Gallery review by: Tanya Boyce
As of last Friday Feb. 12, the Montreal Museum of Fine Arts will be featuring, for the first time in Canada, an exhibition of the master glass maker; Louis C. Tiffany.
Tiffany’s: An Explosion of Colour displays over 150 works which demonstrate the artist’s contribution to the design and technology of glass making. The exhibition includes a number of immense stained glass windows, a large variety of uniquely shaped glass vases, a selection of decorative lamps, paintings, mosaics, dragonflies and magnolias, and some of the original designs from the Tiffany studios.
Although Tiffany is a well-known multi talented American artist, it is his stained glass that has gained him the most recognition. The method behind the craft of stain glass essentially had been the same since the medieval period until Tiffany and his adversary John La Farge started experimenting with new materials. The exhibition reveals the result of Tiffany’s experiments using opalescent glass. Tiffany uses this specific type of glass to create a milky and multicolored hue once light is shone through it.
This is particularly evident in the large-scale windows simply because they are so vast in size. The windows have a sort of glow to them that, despite their religious iconography, gives off an additional holistic vibe. Some might consider it awe-inspiring but it seems the ecclesiastical themes overly glorifying religion. The smaller detailed and decorative pieces, like the dragonflies and magnolias, are charming and delightful the same way having tea and biscuits in a park on a sunny day is charming and delightful.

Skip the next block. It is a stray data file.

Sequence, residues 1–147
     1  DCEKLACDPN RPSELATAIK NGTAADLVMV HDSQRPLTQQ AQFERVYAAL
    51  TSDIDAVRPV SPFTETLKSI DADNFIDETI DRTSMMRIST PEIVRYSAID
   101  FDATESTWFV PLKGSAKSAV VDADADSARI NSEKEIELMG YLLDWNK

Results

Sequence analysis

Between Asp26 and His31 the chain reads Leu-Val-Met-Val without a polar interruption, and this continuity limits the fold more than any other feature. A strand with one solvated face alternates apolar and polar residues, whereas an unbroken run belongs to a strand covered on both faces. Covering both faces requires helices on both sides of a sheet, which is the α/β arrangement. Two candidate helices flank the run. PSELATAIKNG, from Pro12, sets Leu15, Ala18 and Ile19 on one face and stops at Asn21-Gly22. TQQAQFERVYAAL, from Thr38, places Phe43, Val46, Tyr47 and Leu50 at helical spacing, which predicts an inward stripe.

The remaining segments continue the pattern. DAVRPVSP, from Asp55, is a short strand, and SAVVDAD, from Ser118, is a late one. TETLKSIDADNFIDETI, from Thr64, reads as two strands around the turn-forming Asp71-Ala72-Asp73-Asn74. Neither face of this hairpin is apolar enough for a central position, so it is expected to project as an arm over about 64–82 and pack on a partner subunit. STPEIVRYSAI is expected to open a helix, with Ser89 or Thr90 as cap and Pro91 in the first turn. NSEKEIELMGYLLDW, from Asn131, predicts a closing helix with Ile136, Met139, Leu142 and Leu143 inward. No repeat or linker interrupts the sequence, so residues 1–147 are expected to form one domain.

Artistically, it’s impressive to observe how the internal colours of the glass can have a mixture of hues while appearing to have texture and density. Despite how much the majority of society enjoys staring at shiny bright lights and pretty colours; this exhibition is the type of thing grandma, grandpa, and their posse will go to after their matinée show, deliberately taking up too much room on the escalators at the mall, and trying to use coupons at Tim Hortons.
The exhibition, which is $7.50 with the student discount, will be showing until May. 2 and will also be a part of Montreal’s seventh edition of Nuit Blanche.